I found out that when I gave myself permission to do anything I wanted, my decisions worked out mostly like this:

  • Am I tired? If so, sleep.
  • Am I fuzzy-brained? If so, consider taking a nap, or relax with some light reading.
  • Do I feel semi-okay, and am I tired of reading? If so, practise drawing by copying other people’s sketches.
  • Am I somewhat coherent? If so, write.
  • Do I feel alert and logical? If so, code.

And even spending almost half the time in bed, I still feel pretty good about the things I did manage to do:

  • pick up recursive SQL queries and use them to create even better Tableau reports for my consulting client
  • coach team members on development and analytics
  • write a lot, and get better at working with outlines
  • work on Quantified Awesome a little bit
  • play around with Emacs and swap tips with other people

Things are slowly returning to normal. I can feel my mind becoming more alert, although it’s still a little squirrelly from the protocol I need to follow. But it was great to be able to explore what trusting myself more with time looks like.

I’m so glad that I could do something like this instead of having to force myself through the usual routines, or pretend to energy I didn’t have, or meet commitments I couldn’t shake. It’s a privilege and other people get through a lot worse. But hey, I’m here, so I might as well learn from what I can learn and share what I can share.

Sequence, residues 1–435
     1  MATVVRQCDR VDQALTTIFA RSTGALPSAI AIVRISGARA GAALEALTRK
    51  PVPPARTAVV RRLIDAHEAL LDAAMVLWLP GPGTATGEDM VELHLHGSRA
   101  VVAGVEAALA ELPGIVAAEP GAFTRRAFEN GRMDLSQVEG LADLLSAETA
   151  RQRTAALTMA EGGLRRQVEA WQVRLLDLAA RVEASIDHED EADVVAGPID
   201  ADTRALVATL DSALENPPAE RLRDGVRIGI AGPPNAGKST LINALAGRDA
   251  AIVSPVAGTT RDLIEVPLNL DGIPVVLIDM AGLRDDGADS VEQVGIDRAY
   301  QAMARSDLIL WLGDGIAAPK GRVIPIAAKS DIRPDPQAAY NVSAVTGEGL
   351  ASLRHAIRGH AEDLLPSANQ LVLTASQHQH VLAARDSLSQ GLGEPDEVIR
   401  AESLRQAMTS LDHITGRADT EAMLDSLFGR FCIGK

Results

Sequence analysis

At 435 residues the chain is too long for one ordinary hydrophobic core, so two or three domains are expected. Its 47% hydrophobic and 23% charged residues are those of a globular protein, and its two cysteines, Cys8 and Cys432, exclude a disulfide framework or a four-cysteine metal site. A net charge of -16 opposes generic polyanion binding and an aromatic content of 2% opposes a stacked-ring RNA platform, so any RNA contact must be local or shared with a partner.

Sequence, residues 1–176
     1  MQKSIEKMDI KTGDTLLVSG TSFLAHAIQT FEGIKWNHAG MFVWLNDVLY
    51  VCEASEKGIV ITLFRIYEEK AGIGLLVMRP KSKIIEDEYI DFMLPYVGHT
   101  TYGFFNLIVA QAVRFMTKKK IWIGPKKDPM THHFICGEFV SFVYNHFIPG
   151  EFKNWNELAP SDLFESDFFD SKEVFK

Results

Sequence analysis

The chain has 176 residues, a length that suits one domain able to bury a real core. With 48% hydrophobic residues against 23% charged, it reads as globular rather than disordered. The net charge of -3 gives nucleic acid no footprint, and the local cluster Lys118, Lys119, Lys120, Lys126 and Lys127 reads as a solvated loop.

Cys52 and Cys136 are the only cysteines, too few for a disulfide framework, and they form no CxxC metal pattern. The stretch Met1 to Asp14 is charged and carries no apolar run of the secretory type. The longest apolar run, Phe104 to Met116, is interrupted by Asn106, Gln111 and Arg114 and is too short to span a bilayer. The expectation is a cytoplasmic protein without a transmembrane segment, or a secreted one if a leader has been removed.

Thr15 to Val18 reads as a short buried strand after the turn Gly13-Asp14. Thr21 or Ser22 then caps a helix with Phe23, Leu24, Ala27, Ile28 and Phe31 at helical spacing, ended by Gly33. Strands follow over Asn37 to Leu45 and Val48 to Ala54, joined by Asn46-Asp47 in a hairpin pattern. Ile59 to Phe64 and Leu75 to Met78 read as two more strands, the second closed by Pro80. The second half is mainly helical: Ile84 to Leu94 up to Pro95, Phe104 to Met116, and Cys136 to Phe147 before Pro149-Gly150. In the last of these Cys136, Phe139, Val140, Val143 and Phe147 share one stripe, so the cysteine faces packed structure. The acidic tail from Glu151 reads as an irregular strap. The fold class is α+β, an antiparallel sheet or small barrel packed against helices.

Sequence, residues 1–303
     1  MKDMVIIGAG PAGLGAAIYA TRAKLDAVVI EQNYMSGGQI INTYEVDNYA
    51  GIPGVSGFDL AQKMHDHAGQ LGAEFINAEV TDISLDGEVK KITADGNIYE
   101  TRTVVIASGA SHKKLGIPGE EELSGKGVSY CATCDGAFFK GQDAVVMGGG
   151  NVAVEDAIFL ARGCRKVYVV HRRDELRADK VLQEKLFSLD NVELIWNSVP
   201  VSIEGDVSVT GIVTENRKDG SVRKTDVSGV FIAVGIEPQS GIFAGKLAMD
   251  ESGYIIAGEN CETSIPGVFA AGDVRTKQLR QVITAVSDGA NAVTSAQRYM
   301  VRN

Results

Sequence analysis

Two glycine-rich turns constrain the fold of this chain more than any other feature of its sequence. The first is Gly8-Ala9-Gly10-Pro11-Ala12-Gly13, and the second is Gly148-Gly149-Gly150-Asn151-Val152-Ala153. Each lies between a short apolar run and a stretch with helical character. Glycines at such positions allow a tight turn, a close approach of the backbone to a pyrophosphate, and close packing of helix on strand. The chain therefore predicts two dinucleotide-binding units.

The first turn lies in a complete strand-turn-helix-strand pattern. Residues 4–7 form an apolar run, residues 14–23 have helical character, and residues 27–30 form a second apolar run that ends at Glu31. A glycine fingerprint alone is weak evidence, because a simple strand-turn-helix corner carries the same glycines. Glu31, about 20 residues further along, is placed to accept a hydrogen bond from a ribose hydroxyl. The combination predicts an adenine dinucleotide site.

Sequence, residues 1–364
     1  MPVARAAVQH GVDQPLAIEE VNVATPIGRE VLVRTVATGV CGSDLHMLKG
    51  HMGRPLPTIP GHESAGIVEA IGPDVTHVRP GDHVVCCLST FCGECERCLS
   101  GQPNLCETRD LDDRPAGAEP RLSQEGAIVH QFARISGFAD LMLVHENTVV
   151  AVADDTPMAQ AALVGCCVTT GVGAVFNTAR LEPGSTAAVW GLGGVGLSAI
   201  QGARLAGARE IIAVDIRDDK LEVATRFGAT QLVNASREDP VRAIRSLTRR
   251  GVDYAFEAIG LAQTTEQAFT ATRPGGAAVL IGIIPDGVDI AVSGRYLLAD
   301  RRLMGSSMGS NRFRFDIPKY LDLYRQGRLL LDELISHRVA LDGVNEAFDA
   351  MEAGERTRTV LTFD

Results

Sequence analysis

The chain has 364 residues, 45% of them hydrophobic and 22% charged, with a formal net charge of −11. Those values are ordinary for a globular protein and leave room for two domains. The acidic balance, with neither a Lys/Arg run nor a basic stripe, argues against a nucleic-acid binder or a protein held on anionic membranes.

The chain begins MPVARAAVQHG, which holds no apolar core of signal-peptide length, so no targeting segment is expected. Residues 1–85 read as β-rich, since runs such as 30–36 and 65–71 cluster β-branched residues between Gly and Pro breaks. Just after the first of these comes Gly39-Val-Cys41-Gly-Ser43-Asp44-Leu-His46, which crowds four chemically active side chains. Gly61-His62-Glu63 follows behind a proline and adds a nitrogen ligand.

I’m not quite a slacker, but the word intrigues me. It might be interesting to be a slack-er, a master of slack, someone who knows how to create just the right kind of balance between tension and space, someone who can pay attention to the shifts in energy. If there’s just enough play, you can feel where things want to take you. If you pull too hard, you lose that sense. If you hold too loosely, you don’t pick up that difference either. Oh! Perhaps like dance.

I like the tips in J. B. Rainsberger’s “Productivity for the Depressed” (handy even if you aren’t). In particular, I resonate with: